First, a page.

Fortune Well May 15, 2023
Susan Magsamen dances like no one’s watching, often singing or humming to the tunes of Bonnie Raitt or Miles Davis on Friday evenings with her husband in the living room.
She moves and sings pretty badly, she admits, but it doesn’t faze her.
“You don’t need to be good, but you have to be all in,” Magsamen tells Fortune, touting the benefits of participating in the arts for fun. “You don’t have to be good at the arts to have great benefit.”
While countless studies show how exercise, meditation, and a nutritious diet strengthen the brain, emerging evidence shows making space for art produces similar results.
Dancing, gardening, and writing poetry help to improve Magsamen’s mood and help her engage her senses, she says.
“We are literally physically hardwired for these arts and aesthetic experiences,” says Magsamen, founder and executive director of the International Arts + Mind Lab at Johns Hopkins School of Medicine’s Pedersen Brain Science Institute. “We want to feel.”
Magsamen and co-author, Ivy Ross, dive into how art is an integral part of living and how to incorporate it into your life, in their book, Your Brain on Art: How the Arts Transform Us, published last month.
Conventional wisdom tells us that productivity means efficiency—and often, creativity becomes an afterthought, Ross says. In many ways, art has been sidestepped for more practical, seemingly quicker ways to get tasks done. But art is the bedrock of the human experience and the ability to understand and express emotion for a reason, argues Magsamen.
“We’re not happier as a society because we’ve been optimizing for productivity,” she says. “If you look back, we used to sing [and] dance. We didn’t even have a word for art. It was all we did.”
Recall the craze for the adult coloring book, the pleasure of kneading clay, or the allure of strolling in a gallery admiring a beautiful painting.
Research shows art can lower stress, improve mood, and help regulate emotions—and art therapy can promote healing and encourage self-expression. Magsamen, who began a hands-on, creative learning company called Curiosity Kits in the 1980s, found art helped children learn better and regulate their emotions. Dina Lobo, a trauma support specialist, sees her clients’ moods improve after expressing themselves through one art session. And art promotes mindfulness, which reduces rumination.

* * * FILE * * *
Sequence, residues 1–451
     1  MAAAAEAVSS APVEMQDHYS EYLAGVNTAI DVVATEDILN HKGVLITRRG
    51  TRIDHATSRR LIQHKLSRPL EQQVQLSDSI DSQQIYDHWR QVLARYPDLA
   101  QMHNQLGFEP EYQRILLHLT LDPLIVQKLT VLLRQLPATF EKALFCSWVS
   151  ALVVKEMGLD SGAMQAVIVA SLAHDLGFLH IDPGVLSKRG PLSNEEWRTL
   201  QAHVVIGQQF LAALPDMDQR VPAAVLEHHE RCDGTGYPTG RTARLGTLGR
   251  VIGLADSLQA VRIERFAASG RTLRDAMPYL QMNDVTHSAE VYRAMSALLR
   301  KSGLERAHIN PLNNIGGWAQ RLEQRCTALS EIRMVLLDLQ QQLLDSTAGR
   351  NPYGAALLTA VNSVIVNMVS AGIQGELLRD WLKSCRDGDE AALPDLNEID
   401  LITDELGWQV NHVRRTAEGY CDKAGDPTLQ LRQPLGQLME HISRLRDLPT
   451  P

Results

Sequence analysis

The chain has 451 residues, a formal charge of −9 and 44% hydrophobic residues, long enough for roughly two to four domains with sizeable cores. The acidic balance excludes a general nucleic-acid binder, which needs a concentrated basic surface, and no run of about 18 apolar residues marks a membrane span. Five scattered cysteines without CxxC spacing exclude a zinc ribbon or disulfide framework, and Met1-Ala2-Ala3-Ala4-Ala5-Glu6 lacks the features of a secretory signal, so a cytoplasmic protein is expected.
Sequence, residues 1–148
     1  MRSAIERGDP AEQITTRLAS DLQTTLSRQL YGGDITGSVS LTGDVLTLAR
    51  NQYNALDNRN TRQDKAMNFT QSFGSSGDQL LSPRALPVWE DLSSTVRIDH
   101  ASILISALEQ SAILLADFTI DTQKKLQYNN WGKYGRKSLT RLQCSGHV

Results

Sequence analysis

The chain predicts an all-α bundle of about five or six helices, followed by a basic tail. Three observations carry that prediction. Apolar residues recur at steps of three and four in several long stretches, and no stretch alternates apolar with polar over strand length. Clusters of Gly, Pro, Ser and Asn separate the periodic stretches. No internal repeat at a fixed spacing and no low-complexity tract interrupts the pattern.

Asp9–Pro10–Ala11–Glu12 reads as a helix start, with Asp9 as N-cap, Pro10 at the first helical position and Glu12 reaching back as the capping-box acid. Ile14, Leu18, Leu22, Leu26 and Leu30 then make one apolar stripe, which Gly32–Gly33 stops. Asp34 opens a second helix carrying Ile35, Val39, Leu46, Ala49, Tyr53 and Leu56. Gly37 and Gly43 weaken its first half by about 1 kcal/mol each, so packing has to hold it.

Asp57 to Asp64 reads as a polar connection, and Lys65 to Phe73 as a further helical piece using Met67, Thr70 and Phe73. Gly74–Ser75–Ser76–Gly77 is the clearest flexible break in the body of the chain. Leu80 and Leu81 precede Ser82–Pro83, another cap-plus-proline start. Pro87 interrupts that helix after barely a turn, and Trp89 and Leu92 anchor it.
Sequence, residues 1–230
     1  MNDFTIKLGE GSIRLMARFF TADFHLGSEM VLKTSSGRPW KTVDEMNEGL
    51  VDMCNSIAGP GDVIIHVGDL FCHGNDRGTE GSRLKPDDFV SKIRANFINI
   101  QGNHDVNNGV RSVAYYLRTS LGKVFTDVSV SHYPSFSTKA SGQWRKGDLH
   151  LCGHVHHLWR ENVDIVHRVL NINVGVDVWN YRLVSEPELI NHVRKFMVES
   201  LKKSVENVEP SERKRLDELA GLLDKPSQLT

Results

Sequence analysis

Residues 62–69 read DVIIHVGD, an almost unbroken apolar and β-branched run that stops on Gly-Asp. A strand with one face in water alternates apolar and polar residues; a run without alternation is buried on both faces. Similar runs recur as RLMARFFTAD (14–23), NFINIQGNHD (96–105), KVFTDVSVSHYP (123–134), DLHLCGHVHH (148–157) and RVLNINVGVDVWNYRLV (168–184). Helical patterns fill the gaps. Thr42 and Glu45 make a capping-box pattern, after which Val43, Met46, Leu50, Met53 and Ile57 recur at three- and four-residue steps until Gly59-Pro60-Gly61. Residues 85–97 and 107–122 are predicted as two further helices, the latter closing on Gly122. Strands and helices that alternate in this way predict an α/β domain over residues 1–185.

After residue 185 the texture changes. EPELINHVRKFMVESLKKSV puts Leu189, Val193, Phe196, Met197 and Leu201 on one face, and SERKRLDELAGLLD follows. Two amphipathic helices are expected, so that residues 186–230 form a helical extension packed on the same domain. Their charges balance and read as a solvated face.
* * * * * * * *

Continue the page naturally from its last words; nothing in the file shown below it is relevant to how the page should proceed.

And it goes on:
It’s because art engages our senses in the most intense ways.
“It turns out that arts and aesthetic experiences are some of the most salient ways that we create those neural pathways,” Magsamen says. Feeling, seeing, and hearing through art can feed our brain and allow us to feel first before thinking, Ross says. So the esteemed phrase, stop and smell the roses, may have scientific backing.
Even engaging in art through your eyes stimulates the brain. A study from the University College London found more blood flowed to the brain when people viewed a beautiful painting.
While we often consider arts and crafts child’s play, everyone can benefit from art regardless of age. An art activity a month increased life expectancy by 10 years, according to the authors. And previous research on older adults published in the British Medical Journal found those who engaged in art activities, like attending museums, concerts, or galleries a few times a year, died older. Stimulating the brain through new activities can help reduce the risk of developing dementia and Alzheimer’s; sound and light may also improve the cognitive decline associated with these disorders by strengthening certain neural connections, Magsamen and Ross write in their book.
Contrary to common belief, there are no barriers to entry for the arts. Everyone can engage in the arts for the sake of play and curiosity—and you don’t need to be artistic to start.
“Society says, ‘Oh, well, if you’re not talented, you shouldn’t do it,’” Magsamen says, and that is the biggest mistake people make.
Art is anything that engages your senses. Think: dancing, sewing, crocheting, journaling, gardening, or cooking. Even shutting off other distractions to listen to the radio or walking through nature is a form of art, Magsamen says. Start by rediscovering the type of art you loved when you were younger; it can be a great way to choose where to begin. And as research shows, admiring the arts also has brain benefits.
You don’t need to sign up for weekly ballet lessons and master the positions to see art’s results on the brain. In fact, 20 minutes of any art form can improve mood and lower cortisol or stress levels. You can work up to doing the 20 minutes on a more frequent basis.
So instead of seeing art as reserved for the so-called creatives, embrace the power of the senses and start small. Hum, doodle, or listen to the radio, for starters. And then maybe dance like no one’s watching because your brain will thank you later.
“Eight hours of sleep is good. Science is now telling us that 20 minutes a day of some art activity is equally as good,” Ross says. “You should add that to your daily diet.”
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